Not 24 hours after the W3C released the new “shield” logo of HTML5 and made T-shirts available online (allowing web developers everywhere to look like the superheroes they secretly long to be), WHATWG announced that HTML5 was being rebranded. HTML5 would now be known as… HTML.

Mass confusion resulted.

This deserves some explanation. From its inception, WHATWG has shown a stubborn persistence in sticking to its core principles, even (and perhaps especially) when those principles appear to fly in the face of common sense.

The primary – perhaps over-riding – principle of WHATWG is pragmatism: HTML5 should always reflect what browsers do and can achieve, rather than some ideal gold standard. HTML5 acid tests only go so far. Versioning of HTML means massive efforts every few years to generate a new specification, whereas the modern software development paradigm is one of small, constant, incremental upgrades delivered to users almost invisibly (for example, with Google’s Chrome browser, patches and updates are applied to the browser each time it launches: few people are aware of which version of Chrome they are actually using).

The reality is that few browsers will ever be completely “HTML 5 compatible”. WHATWG’s “benign dictator”, Ian Hickson, is a Google employee, and very much shares the company’s mindset: Google’s own work is in “constant beta”. From that standpoint, it makes sense to state that HTML5 is henceforth “version less”, and make it the new base technical layer of HTML. The HTML standard becomes a “living document”, added to over time. It should also be noted that this is merely a change within WHATWG itself: the W3C has not, as of this writing, embraced this particular move.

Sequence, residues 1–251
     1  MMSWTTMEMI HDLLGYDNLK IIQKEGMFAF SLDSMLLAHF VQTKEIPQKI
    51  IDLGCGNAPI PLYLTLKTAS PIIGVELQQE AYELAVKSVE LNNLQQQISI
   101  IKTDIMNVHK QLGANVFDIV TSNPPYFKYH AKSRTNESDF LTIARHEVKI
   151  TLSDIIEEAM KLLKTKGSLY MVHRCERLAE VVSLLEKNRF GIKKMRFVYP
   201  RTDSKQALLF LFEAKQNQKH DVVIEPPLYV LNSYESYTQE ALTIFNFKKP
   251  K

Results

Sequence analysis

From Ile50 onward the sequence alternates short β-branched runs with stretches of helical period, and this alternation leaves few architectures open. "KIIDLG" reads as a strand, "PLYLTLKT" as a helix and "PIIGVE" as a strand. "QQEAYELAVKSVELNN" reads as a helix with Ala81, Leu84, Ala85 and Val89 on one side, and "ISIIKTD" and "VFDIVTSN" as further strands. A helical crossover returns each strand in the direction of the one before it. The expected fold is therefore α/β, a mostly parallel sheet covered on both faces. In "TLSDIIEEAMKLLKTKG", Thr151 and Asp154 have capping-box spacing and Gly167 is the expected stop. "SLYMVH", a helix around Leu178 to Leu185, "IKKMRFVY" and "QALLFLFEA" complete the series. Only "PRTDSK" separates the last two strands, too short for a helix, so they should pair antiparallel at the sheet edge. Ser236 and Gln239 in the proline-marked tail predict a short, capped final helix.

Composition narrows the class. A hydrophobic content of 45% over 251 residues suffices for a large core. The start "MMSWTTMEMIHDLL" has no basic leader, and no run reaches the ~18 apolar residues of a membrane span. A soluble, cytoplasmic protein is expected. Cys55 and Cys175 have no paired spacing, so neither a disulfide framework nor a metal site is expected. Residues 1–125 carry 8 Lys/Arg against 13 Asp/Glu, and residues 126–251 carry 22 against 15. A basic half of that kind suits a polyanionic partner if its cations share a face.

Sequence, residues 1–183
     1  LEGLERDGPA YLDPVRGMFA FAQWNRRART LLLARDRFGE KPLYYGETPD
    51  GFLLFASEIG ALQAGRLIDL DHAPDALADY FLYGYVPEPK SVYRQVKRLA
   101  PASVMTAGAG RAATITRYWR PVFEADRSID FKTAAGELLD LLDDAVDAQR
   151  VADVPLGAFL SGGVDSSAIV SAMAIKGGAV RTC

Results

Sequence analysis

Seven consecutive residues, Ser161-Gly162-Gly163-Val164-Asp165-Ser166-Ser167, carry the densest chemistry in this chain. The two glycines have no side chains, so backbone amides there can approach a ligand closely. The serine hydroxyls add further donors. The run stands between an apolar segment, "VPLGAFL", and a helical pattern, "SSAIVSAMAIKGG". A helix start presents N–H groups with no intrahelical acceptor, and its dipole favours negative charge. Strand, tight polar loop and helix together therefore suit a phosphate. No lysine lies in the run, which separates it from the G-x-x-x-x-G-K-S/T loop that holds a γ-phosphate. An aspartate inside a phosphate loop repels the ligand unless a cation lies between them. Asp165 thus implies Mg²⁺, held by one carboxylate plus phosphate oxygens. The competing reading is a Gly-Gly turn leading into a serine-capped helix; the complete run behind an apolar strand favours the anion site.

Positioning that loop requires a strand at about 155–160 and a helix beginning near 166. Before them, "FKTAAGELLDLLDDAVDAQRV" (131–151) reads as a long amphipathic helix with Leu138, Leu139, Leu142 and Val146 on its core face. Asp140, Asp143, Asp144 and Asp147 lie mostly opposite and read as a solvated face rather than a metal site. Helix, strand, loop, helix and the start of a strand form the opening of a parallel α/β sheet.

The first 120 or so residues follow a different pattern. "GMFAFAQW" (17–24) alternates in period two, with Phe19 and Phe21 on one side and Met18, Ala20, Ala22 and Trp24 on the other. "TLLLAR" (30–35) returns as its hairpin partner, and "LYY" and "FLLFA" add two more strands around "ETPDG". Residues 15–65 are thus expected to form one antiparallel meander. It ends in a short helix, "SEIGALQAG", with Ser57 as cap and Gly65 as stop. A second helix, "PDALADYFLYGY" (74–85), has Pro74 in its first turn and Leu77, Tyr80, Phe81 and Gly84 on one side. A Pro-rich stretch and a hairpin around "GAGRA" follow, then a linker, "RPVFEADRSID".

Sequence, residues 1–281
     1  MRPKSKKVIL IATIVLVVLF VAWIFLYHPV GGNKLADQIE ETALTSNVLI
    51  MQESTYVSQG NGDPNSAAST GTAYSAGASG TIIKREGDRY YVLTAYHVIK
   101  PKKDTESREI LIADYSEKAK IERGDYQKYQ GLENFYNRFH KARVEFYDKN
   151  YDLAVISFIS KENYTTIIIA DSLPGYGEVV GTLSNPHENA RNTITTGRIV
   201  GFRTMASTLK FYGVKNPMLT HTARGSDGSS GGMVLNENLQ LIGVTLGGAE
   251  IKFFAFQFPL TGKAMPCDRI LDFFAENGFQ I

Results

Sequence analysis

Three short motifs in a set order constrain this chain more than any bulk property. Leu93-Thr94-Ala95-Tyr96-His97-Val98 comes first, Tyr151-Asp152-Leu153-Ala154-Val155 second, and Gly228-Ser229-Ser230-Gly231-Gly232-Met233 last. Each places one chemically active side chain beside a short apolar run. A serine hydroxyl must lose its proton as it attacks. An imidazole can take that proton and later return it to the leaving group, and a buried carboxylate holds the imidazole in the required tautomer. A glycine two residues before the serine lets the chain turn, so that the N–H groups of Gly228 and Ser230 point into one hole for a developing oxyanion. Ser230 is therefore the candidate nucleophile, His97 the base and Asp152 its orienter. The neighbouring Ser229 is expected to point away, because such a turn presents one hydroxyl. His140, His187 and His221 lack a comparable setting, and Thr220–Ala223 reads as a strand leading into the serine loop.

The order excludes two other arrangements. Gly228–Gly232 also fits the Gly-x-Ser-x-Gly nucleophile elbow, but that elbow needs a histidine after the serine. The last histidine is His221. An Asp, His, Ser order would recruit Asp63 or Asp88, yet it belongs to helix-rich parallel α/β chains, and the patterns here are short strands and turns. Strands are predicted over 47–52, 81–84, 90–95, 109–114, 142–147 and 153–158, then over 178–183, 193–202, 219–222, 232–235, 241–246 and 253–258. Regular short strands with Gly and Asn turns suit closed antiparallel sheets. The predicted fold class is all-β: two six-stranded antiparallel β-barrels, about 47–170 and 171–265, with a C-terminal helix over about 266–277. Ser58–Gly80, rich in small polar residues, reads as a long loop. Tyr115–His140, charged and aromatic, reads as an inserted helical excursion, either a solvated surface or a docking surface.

From a technical standpoint, the name change makes a kind of sense, although it makes referencing developments in HTML harder: there is no “HTML6”, just “HTML when they changed <aside> to <sidebar>”* However, it may also mean future issues: a specification that is never “finished” also runs the risk of never being complete.

From a marketing and branding perspective, this is an unmitigated disaster. People expect, and respect, version numbers. “HTML” is a giant, lazy, catch-all term; “HTML 5” at least has an association of freshness, difference and novelty. Because of that, I will continue to refer to the language as “HTML5” in this blog… and so, I expect, will the rest of the industry.

*one can wish, anyway